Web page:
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The effect of a multifaceted postoperative nausea and vomiting reduction strategy on prophylaxis administration amongst higher-risk adult surgical patients

Department of Anaesthesia, St Vincents Hospital, Sydney, New South Wales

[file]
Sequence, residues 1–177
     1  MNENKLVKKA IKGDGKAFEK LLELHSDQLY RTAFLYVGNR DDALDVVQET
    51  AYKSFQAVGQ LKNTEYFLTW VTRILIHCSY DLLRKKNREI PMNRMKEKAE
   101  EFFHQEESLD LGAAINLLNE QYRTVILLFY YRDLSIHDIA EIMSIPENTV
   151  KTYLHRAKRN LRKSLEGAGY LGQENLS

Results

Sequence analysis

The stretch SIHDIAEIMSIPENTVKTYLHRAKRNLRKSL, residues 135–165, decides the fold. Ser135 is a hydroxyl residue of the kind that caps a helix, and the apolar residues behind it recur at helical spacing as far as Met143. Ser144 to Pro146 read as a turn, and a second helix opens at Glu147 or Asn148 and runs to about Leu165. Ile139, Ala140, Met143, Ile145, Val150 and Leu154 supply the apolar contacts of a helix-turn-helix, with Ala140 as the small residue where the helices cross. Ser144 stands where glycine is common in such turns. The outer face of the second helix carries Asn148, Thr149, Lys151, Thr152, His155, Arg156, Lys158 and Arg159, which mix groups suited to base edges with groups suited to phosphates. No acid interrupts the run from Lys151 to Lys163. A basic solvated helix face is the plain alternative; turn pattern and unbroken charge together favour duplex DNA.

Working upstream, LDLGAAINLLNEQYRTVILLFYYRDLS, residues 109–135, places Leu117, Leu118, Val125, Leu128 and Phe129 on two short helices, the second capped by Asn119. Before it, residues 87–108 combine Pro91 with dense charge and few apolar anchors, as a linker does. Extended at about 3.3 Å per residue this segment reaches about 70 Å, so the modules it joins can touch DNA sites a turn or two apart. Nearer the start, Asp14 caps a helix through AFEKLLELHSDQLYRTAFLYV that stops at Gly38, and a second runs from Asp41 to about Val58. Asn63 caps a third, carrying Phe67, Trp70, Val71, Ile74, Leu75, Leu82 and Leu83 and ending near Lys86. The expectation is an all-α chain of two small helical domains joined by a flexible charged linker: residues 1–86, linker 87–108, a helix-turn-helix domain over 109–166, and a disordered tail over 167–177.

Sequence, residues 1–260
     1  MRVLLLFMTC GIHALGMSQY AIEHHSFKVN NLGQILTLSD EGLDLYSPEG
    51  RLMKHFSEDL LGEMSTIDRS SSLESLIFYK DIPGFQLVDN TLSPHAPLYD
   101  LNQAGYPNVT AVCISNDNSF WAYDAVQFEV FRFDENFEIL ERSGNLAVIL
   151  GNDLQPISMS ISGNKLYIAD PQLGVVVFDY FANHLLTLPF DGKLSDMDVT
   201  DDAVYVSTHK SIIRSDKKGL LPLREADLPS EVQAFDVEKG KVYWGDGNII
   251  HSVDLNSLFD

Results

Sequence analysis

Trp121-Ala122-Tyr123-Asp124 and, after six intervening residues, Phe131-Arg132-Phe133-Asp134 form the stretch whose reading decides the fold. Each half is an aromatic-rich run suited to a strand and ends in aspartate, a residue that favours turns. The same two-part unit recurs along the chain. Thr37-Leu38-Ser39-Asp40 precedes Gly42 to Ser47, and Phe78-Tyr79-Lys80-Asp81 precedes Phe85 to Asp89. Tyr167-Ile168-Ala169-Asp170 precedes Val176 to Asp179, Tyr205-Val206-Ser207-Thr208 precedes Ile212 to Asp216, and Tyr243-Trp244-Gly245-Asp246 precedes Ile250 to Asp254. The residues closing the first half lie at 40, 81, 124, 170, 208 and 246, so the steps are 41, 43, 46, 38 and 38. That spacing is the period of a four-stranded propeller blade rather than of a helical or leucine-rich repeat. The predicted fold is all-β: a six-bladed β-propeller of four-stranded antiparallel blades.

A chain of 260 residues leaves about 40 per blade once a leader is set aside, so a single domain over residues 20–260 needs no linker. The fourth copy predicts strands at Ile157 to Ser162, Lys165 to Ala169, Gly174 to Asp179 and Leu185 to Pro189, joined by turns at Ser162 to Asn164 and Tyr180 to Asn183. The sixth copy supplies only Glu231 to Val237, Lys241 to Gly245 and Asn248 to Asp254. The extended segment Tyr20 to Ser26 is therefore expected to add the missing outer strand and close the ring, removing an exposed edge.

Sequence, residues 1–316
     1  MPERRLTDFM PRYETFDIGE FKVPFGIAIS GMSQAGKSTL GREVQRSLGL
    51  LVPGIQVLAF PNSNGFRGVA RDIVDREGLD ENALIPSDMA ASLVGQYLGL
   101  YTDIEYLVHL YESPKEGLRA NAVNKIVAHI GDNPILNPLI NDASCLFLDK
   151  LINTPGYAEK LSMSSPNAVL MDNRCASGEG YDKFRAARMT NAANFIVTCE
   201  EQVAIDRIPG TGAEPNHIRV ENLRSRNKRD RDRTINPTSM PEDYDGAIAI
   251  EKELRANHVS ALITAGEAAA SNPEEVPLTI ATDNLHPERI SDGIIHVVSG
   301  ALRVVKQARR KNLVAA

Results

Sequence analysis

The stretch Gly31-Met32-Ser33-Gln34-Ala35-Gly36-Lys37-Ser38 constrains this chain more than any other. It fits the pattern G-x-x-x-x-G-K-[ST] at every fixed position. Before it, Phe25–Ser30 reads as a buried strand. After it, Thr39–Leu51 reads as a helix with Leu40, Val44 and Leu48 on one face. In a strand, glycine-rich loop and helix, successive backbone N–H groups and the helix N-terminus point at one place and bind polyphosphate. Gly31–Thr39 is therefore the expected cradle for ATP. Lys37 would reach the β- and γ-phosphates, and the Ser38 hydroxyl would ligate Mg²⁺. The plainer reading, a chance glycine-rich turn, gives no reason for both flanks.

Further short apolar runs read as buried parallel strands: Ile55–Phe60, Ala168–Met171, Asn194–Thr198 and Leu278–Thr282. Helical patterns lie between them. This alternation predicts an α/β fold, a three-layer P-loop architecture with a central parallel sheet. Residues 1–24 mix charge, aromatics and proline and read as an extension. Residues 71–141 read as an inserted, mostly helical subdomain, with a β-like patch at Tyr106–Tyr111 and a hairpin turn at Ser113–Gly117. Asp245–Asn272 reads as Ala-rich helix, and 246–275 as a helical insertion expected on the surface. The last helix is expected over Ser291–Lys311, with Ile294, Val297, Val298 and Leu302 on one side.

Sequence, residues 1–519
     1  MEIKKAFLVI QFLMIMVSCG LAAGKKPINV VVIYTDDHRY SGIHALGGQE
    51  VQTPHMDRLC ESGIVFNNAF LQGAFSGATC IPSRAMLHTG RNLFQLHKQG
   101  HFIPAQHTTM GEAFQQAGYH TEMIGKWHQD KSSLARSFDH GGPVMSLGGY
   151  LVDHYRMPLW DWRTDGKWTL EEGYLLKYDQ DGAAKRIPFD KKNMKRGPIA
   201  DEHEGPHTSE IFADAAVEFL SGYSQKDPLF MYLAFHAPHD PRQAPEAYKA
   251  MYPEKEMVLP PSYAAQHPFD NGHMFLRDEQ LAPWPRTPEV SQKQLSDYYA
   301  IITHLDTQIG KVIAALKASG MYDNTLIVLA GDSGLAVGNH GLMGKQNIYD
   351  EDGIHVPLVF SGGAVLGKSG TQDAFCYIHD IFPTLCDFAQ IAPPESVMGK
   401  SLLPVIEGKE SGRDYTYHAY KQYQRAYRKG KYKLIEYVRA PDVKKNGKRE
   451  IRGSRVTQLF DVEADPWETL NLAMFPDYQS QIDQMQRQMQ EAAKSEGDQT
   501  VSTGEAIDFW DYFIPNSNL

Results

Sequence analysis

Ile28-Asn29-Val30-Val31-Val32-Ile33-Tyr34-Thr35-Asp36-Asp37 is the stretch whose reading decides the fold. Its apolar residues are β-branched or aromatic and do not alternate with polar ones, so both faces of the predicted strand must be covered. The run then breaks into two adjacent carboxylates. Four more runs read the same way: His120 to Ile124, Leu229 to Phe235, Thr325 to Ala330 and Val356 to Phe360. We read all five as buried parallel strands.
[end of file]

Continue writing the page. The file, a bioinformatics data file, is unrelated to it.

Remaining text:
Postoperative nausea and vomiting (PONV) is a common and distressing problem for patients and increases the burden of care in post-anaesthesia care units (PACU). As such it has been a recent focus for quality improvement. Evidence-based guidelines have demonstrated the benefit of PONV risk stratification and prophylaxis, but may be underutilised in clinical practice. This prospective pre-/post-intervention study was conducted at an adult tertiary hospital in non-cardiac adult surgical patients at higher-risk of PONV. The intervention included promotion of an evidence-based PONV guideline, and provision of individualised prescribing and patient outcome data to anaesthetists. Six hundred and twenty-eight patients with ≥2 risk factors for PONV following general anaesthesia for non-cardiac surgery were included (333 pre-intervention and 295 post-intervention). Prior to the intervention, 9.0% (30/333) of moderate- and high-risk patients received antiemetic prophylaxis consistent with our guideline. Post-intervention, the rate of guideline adherence was 19.3% (57/295). In the high-risk PONV group, the time in PACU was significantly reduced post-intervention, 66 minutes versus 83 minutes (P=0.032). This institution-specific PONV reduction strategy had a modest but significant effect on improving prophylaxis administration. However, our findings indicate that further efforts would be required to ensure fuller compliance with the current extensive evidence base for PONV management in higher-risk patients.

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